The RI Supreme Court has ordered Judge Lallo to reimburse the
state. Former Judge John F. Lallo, who often went to a casino
on working days, must return wages for some of the hours he spent
gambling. John F. Lallo, who retired in 1998 after 20 years
in the Administrative Adjudication Court, was at the Ledyard,
Conn., casino on 66 occasions between 1993 and 1997 when he was
supposed to be on Harris Avenue.
On Monday, the state Supreme Court ruled that Lallo must return his wages for the work hours he spent gambling. The justices also ordered Lallo's removal as a judicial officer -- a mostly symbolic gesture that strips Lallo of his title, but not his pension.
"It is clear that respondent's conduct, in regularly absenting himself from his courtroom during normal working hours and engaging in the pastime of gambling in a public casino, was unacceptable and has cast disrepute on his judicial office," the high court ruled.
The decision comes less than a month after the Supreme Court revoked Lallo's license to practice law. That action was in response to Lallo's guilty plea in December to a federal charge of lying under oath on a bankruptcy application he filed in 1996. Lallo, 69, of Westerly, is serving six months' home confinement in that case. He was also sentenced to two years' probation and ordered to avoid gambling and casinos. Lallo's felony conviction was enough on its own to remove him from judicial office.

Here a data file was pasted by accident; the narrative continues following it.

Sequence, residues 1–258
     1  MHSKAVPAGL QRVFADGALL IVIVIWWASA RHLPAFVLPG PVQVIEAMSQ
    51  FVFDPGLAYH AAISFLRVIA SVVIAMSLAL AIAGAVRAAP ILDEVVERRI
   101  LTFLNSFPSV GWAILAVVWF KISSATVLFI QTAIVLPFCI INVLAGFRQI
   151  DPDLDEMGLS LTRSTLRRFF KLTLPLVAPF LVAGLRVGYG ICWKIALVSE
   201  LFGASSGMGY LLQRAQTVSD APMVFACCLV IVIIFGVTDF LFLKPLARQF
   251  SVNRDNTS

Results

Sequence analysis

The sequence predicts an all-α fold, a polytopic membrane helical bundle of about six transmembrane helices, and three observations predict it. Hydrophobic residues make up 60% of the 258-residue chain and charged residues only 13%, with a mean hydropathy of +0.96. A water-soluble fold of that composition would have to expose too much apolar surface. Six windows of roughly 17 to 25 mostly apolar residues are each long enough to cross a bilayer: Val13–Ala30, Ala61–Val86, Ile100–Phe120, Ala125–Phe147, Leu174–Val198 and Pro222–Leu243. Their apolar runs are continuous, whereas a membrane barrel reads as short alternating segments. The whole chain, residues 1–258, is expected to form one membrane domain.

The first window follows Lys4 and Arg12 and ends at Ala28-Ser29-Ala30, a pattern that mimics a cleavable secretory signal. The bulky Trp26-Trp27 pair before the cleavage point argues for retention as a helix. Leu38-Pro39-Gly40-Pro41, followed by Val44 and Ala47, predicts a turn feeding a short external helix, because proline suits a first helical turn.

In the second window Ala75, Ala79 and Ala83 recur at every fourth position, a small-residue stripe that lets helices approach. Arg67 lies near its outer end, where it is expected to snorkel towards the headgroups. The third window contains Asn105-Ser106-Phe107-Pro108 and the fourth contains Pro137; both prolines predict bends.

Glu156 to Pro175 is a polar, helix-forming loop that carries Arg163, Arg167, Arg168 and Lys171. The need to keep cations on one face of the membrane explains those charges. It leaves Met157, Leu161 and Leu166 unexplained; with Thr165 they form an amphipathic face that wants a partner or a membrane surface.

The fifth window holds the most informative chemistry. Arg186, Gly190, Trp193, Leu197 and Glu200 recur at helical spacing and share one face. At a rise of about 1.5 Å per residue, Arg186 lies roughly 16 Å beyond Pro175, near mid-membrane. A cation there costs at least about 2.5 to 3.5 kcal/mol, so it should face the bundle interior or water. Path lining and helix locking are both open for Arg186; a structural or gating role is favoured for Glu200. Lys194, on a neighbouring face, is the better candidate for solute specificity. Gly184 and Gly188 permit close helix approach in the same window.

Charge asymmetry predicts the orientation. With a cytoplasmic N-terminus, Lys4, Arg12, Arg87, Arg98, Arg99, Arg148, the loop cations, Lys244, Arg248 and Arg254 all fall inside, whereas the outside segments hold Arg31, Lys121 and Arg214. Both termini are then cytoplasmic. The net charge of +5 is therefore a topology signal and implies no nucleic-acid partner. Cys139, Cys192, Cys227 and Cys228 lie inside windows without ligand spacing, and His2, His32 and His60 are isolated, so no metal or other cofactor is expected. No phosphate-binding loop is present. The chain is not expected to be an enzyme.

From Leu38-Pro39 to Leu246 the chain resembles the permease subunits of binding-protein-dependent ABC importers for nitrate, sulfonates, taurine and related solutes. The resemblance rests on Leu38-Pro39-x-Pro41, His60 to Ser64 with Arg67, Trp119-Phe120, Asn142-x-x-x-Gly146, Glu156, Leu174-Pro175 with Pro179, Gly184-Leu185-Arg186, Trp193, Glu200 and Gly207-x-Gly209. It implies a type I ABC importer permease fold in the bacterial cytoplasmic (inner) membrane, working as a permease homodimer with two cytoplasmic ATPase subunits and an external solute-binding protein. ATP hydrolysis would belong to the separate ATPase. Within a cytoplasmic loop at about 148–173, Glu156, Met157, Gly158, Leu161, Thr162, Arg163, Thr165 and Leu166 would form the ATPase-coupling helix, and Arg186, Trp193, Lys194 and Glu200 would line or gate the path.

After agreeing to admit that he'd skipped work to gamble, Lallo was given a hearing before the commission to make his case for more lenient treatment. Encouraged by the assurance that the session would remain private, Lallo testified on his own behalf. Operation Clean Government asked the Supreme Court to release a transcript of the Oct. 18 hearing. The court granted the request. The justices found that under state law and the court rules, a public hearing could be waived only with the prior consent of the Supreme Court, and only after the accused judge has formally accepted the recommended sanction. Lallo was given a private hearing without meeting either of those conditions, the high court found, and as a result, he's not entitled to keep his privacy. Lallo was also disbarred from practicing law.